The weak bond in F 2 is responsible for the high electronegativity of fluorine, as well as the legendary reactivity of elemental fluorine gas, which reacts explosively with hydrogen and powdered metals. Because of the instability of elemental fluorine and the polar nature of its bonds with more electropositive elements, fluorine compounds tend to be very stable. For example, the noble gases Xe and Kr react with fluorine to make covalent compounds, whereas other halogens do not react.

Fluorocarbon compounds contain strong C-F bonds and have high thermal and chemical stability.

8.S: Basic Concepts of Chemical Bonding (Summary) - Chemistry LibreTexts

The extraordinary hydrophobicity of perfluorocarbons arises from the fact that -CF 2 - and -CF 3 groups are "fatter" than -CH 2 - and -CH 3 groups; dissolving them in water is therefore more disruptive to the hydrogen bonding network than is dissolving a hydrocarbon. Join a group of classmates from your inorganic chemistry course. Each group should have 3 or 4 students.

Arrange a time to meet for an hour or so. Prior to the meeting, read part I pp. At the meeting, discuss the following questions: Please include the names of all students in your group on the cover page; all of you will receive the same grade on this assignment. Anonymous excerpts from a few of these essays will be shared with the class. The N-N bond distance is 1. Can you draw octet structures for these compounds? Why would these molecules be unstable? Consider the compounds NH 3 and PH 3. The H-N-H bond angle in ammonia is o close to the tetrahedral angle, Why is the angle in PH 3 closer to 90 o than it is to the tetrahedral angle?

Which one is more stable? Krypton difluoride, KrF 2 , decomposes at dry ice temperature to Kr and F 2. Consider the molecule ClF 3 O 2 with Cl the central atom.


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How many isomers are possible? Which is the most stable? The Br-F bond distance in the interhalogen compound BrF is 1. Use this information to estimate the average bond lengths in BrF 3 and BrF 5. Explain why the N-N bond in hydrazine is so weak, and why this effect is not seen in N 2. Show that a set of three sp 2 orbitals satisfies the following criteria: The atomic connectivity in the ring is: From Wikibooks, open books for an open world.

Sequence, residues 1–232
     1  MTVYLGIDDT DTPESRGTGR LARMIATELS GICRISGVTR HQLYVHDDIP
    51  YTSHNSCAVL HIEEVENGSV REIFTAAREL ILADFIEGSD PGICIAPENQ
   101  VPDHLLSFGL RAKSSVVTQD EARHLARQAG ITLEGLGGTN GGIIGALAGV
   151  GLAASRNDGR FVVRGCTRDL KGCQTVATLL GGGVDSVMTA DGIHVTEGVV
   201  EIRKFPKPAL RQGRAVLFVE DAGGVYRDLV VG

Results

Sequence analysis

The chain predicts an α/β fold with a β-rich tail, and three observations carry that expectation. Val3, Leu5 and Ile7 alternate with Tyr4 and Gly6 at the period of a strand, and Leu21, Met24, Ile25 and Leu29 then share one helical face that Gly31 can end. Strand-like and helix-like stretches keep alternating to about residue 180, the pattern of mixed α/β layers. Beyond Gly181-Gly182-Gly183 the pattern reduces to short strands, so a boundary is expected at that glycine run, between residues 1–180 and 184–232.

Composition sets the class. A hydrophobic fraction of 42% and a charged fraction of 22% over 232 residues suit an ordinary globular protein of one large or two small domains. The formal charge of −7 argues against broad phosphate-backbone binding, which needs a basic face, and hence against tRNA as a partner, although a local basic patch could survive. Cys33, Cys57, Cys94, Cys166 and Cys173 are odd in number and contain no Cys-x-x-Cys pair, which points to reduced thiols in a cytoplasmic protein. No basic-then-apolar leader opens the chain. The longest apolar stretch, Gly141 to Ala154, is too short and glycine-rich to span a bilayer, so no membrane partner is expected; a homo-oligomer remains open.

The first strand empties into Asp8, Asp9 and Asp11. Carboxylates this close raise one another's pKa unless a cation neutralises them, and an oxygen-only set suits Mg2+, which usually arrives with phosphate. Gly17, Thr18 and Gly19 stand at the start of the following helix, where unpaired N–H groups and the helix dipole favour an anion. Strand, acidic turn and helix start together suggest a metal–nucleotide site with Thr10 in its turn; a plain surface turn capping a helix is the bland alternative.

Lewis, "The atom and the molecule," J. Silvi, "The octet rule and hypervalence: Kanatzidis, All-solid-state dye-sensitized solar cells with high efficiency, Nature , Electroaffinity, Molecular Orbitals and Dipole Moments". Intermolecular hydrogen bonding increases boiling point of the compound and also its water solubility. Intramolecular hydrogen bonding decreases the boiling point of the compound and also its water solubility.

A covalent bond is formed by overlapping of valence shell atomic orbital of the two atoms having unpaired electron.

Introduction to Inorganic Chemistry/Review of Chemical Bonding

When covalent bond is formed by overlapping of atomic orbitals along the same axis it is called s - bond. Such type of bond is symmetrical about the line joining the two nuclei e. This type of bond is formed by the sidewise or lateral overlapping of two half filled atomic orbitals. The strength of a bond depends upon the extent of overlapping of half-filled atomic orbitals. The extent of overlapping is between two atoms is always greater when there is end to end overlapping of orbitals than, when there is sidewise overlapping of oritals. Hence s-bond is always stronger than p-bond.

The same amount of energy is released in formation of one mol of particular bond. T he mixi ng of dissimilar orbital of similar energies to form new set of hybrid orbital.

In this case, one s and one p orbital mix together to form two sp hybrid orbitals and are oriented in a linear shape. The remaining two unhybridised p orbitals overlap with another unhybridised p orbital leading to the formation of triple bond as in HC CH. The distance between the nuclei of two atoms bonded together is called bond length.

Bond length decreases with increase in s-character since s-orbital is smaller than a p — orbital. Bond angel is the angle between two adjacent bonds at an atom in a molecule made up of three or more atoms. Bond angles mainly depend on the following three factors: Bond angle depends on the state of hybridization of the central atom. Generally s- character increase in the hybrid bond, the bond angle increases.

Bond angle is affected by the presence of lone pair of electrons at the central atom. A lone pair of electrons at the central atom always tries to repel the shared pair bonded pair of electrons. Due to this, the bonds are displaced slightly inside resulting in a decrease of bond angle. If the electronegativity of the central atom decreases, bond angle decreases. In simple homonuclear diatomic molecules the order of MO's based on increasing energy is. Dear , Preparing for entrance exams? Register yourself for the free demo class from askiitians. Studying in Grade 6th to 12th?